Lectures in Part 1 (the first 12 lectures) were a little slow for me because they tended to review different philosophical theories from history. I found this section remote and sometimes boring. Lectures in Part 2, however, were much more lively. They focused on what do we do once we know why were are in this situation, i.e., what is our modern approach to pluralism and relativism. I found Part 2 much more practical, thought provoking, and interesting.
The teacher is great and adds a lot of color to the lectures. My only gripe is that he goes from very loud to very soft. On headphones it was a pain to find the right volume setting.
The first half of the course contains a thorough review of the history of moral philosophy. The arguments put forth by famous philosophers over the centuries are simple, logical, and powerful, yet often outdone by even stronger counterarguments by other philosophers. Kane summarizes, categorizes, and clarifies this history in a very understandable way.
The 2nd half of the course shifts to being more about Kane's personal ideas on morality, which IMO stand out by their relative weakness, complexity, and lack of critique as compared to the earlier arguments. Kane's ideas are not without their critics, though unlike the arguments in the first half, the most powerful counterarguments do not get their time. Furthermore, the winding and unfocused nature of lectures 13-24, which include thoughts on public vs private morality, problems and solutions to democratic governments, and Kane's personal suggestions on how we should view religion nowadays, left me underwhelmed by the latter portion of the course.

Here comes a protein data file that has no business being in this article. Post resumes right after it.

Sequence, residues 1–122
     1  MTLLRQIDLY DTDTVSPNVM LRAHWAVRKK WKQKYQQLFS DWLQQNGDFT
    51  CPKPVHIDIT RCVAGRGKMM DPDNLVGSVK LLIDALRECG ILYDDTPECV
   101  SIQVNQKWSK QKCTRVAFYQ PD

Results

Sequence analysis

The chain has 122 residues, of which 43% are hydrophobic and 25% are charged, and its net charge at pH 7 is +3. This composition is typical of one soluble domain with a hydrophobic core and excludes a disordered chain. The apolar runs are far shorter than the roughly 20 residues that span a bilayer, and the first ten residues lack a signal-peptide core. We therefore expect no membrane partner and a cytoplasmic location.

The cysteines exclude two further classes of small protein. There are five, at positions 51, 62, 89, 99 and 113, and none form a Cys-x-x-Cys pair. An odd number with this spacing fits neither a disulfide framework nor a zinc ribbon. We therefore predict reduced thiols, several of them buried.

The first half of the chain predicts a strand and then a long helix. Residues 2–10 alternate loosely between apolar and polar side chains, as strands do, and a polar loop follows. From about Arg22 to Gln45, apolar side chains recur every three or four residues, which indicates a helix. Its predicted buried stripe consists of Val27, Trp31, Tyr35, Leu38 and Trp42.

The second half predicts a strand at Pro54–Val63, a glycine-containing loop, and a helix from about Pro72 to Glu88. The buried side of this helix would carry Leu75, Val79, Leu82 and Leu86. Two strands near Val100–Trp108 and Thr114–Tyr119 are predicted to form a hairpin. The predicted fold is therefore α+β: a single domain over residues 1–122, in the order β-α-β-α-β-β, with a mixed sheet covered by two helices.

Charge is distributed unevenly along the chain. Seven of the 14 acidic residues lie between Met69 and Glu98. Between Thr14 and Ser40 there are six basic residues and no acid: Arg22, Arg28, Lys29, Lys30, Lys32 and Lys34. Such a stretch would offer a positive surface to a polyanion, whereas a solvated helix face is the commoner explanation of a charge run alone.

Engaging, fascinating, fun
Loved the chapter on social contracts - a pretty juicy subject in the hands of Dr. Kane!
This is a must-listen for anyone interested in ethics and morality, or in philosophy in general. Never a dull moment - provides genuine pleasure from start to finish. And it appeals to our values impulses at every level - the sentimental (it feels so good), rational (it makes perfect sense), utilitarian (such useful ideas!), and the contractual (you show up to listen, and Dr. Kane shows up with the goods!). I just wish I'd had Dr. Kane for Philo 101 -- way, way back when I was an undergrad.
What do philosophy and religion say about how to live (broadly, not in specifics) and how can we synthesize this information in a time of many beliefs? No spoilers, and the final section may not be a spiritual epiphany , but I found it to be useful.
The selection of historical philosophers and quotes is good, but what passes for explication amounts to redundant rephrasing with lots of interspersed "you see" and "if you will" along with an occasional example and/or discussion of extra dimensions.
"Crystallised my vague thinking"
I found this course challenging and rewarding. It's far from the first philosophy that I've read, so what I needed was a framework from which to hang it. This course was brilliant for contextualising some existing knowledge and creating new lines of thought.
"Quest for Meaning"
I absolutely enjoyed listening to the philosophical sessions: they are informative, fascinating, provocative and funny.